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One thing I love about summertime – the days are longer. That means I can take my dogs out for an early morning and late evening walk when the temperatures may be a little cooler and the daylight is stretched to the limit. It’s good for them and for me. There are more hours to explore new places. I know people who take their dogs to the beach or the river on a nice day.
I have found a new place close by to explore. It’s the Martin Marietta Park in New Bern. It’s still being developed and, sometimes, Davy and I have the park all to ourselves. Progress is being made with the boat ramp, restrooms and more. When this park is complete, it will have about 850 acres with activities for adults, children, and pets with forest, lake and river views. For now, even in the early phase of its development, it is pet-approved by Davy.
There is a 3.2 mile park loop that allows dogs on leash. Davy loves the exercise and the opportunities to sniff and smell. I love a good outing and the chance to see birds that I don’t get in my backyard. I can’t wait to see the birding activity that the fall migration will bring.
Short Leash = Safe Dog
When we are walking in the neighborhood, we spot a lot of squirrels, bunny rabbits, baby birds, and an occasional possum, or deer. I keep Davy’s leash short so he doesn’t have a snake encounter (they are out now too); I want to see exactly what is in front of his nose. My neighbor’s dog was frolicking in the park when she heard a yelp followed by her dog limping toward her. It turned out to be from a snake bite. If you have ever seen a dog swollen and whining in pain from a snake bite, you will think twice about letting your pup get too far ahead of you on the trails. A vet visit, pain meds, antibiotics, and time allowed her pup to fully recover.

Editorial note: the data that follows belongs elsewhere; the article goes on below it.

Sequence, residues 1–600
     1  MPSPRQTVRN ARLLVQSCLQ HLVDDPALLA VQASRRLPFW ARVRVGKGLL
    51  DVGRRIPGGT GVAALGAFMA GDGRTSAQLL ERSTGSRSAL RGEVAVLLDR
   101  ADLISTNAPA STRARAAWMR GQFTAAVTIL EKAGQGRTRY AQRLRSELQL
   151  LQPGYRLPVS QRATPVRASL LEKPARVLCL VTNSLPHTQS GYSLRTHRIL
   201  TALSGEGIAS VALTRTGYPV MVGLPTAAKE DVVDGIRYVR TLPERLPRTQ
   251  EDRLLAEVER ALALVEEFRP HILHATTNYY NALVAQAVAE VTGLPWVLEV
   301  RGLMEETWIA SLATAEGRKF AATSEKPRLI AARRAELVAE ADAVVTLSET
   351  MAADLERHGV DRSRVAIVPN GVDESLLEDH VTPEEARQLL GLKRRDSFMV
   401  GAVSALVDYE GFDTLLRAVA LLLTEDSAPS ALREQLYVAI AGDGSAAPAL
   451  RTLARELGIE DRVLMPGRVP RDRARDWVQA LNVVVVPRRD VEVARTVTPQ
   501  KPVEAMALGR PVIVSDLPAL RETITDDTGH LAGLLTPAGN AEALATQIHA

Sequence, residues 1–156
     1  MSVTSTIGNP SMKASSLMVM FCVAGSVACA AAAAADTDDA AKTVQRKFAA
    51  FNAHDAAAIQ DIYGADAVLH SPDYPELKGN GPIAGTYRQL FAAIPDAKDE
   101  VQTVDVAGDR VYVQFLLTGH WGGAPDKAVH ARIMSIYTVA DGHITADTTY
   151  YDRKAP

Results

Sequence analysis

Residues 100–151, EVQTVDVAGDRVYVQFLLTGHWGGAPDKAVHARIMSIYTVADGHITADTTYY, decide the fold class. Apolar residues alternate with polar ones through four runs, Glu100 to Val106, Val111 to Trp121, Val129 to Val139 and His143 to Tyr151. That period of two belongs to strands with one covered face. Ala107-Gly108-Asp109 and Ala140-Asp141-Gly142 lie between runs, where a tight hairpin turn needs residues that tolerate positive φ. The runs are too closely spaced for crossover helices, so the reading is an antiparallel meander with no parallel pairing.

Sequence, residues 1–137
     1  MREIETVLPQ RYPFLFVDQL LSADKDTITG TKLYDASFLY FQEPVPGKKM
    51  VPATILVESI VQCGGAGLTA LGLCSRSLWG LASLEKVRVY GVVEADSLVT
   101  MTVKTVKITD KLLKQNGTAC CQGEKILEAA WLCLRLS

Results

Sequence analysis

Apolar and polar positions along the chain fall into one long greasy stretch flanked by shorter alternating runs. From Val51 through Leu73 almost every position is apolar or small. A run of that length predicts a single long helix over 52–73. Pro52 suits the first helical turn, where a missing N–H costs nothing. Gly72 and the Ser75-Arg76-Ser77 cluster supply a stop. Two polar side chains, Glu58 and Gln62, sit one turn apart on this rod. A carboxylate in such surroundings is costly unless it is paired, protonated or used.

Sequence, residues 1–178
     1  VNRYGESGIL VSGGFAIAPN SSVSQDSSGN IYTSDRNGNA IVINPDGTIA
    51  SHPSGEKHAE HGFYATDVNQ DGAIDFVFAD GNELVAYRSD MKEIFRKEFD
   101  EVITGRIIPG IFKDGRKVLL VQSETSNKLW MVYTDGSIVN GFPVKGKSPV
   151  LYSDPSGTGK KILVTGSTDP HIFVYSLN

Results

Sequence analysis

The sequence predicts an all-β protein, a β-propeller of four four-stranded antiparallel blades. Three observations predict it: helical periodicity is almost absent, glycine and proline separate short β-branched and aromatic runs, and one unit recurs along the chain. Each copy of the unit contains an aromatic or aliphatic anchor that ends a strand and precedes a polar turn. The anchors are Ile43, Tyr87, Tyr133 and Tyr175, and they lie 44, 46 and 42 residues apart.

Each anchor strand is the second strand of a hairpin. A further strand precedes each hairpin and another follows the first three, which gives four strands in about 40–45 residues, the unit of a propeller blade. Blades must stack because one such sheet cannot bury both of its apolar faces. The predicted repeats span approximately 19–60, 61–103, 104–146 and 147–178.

On the Road…
Car rides are fun – now that they don’t always end up in the vet parking lot. Davy is happy to jump into his crate in the back of the SUV. An interesting side note: He knows by the direction I turn the car where he is likely to end up. When I drive him to school, he faces the back window; when we go to the park, he faces the front window. I can tell that he is happier going to the park!
Cats enjoy the summer too. They gravitate to their perch to watch the birds come to the feeder. Many of my clients have their feeders lined up with their cat trees by a window so the cats can get a bird’s eye view. Cats also love to find a sunny spot to snooze and summer provides them with comfy rays of sunshine almost every day. Kitties love to climb on the screen by the open window to get as close as they can to the flowers, animals, and scents on the other side.
Bird’s Eye View
I have a few clients who place their bird’s cage on the porch or patio on nice days so their birds can enjoy the scenery and the sun. I imagine that it feels good to a parrot, cockatiel, parakeet, and conure to have some wind under their wings and to hear our yard birds up close.
Your caged pets like bunnies, hamsters, gerbils, lizards, and your indoor cats are best left inside to stay out of harm’s way. They can have a fully enriched indoor space with toys, perches, hiding places, boxes and games where they can play in a safe and healthy environment.
Summer affords us a lot of extra daylight and nice warm temperatures to enjoy with our pets both inside and outside.
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As the owner of Crockett’s Critter Care, I want you to know that you can reach out to me directly with any question, compliment, or concern you have about the care of your pet.